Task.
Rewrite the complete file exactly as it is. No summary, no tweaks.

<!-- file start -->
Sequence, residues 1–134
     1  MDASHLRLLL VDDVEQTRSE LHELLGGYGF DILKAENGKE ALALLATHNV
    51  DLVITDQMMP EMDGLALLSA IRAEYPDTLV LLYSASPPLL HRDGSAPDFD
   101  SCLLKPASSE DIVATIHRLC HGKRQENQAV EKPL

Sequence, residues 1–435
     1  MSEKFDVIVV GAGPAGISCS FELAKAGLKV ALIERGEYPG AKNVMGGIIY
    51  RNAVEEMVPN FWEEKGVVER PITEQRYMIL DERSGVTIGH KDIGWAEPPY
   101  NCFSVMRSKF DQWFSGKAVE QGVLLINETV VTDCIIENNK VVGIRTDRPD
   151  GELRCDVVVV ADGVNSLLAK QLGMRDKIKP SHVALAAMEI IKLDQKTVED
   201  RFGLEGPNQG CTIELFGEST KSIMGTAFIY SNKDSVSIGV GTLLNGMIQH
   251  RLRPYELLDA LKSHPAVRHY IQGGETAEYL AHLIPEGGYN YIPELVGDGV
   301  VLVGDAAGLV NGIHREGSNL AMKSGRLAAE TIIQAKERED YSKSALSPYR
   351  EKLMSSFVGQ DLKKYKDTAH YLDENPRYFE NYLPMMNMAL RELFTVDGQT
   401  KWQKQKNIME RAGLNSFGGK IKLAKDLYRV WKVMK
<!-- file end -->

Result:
Sequence, residues 1–134
     1  MDASHLRLLL VDDVEQTRSE LHELLGGYGF DILKAENGKE ALALLATHNV
    51  DLVITDQMMP EMDGLALLSA IRAEYPDTLV LLYSASPPLL HRDGSAPDFD
   101  SCLLKPASSE DIVATIHRLC HGKRQENQAV EKPL

Sequence, residues 1–435
     1  MSEKFDVIVV GAGPAGISCS FELAKAGLKV ALIERGEYPG AKNVMGGIIY
    51  RNAVEEMVPN FWEEKGVVER PITEQRYMIL DERSGVTIGH KDIGWAEPPY
   101  NCFSVMRSKF DQWFSGKAVE QGVLLINETV VTDCIIENNK VVGIRTDRPD
   151  GELRCDVVVV ADGVNSLLAK QLGMRDKIKP SHVALAAMEI IKLDQKTVED
   201  RFGLEGPNQG CTIELFGEST KSIMGTAFIY SNKDSVSIGV GTLLNGMIQH
   251  RLRPYELLDA LKSHPAVRHY IQGGETAEYL AHLIPEGGYN YIPELVGDGV
   301  VLVGDAAGLV NGIHREGSNL AMKSGRLAAE TIIQAKERED YSKSALSPYR
   351  EKLMSSFVGQ DLKKYKDTAH YLDENPRYFE NYLPMMNMAL RELFTVDGQT
   401  KWQKQKNIME RAGLNSFGGK IKLAKDLYRV WKVMK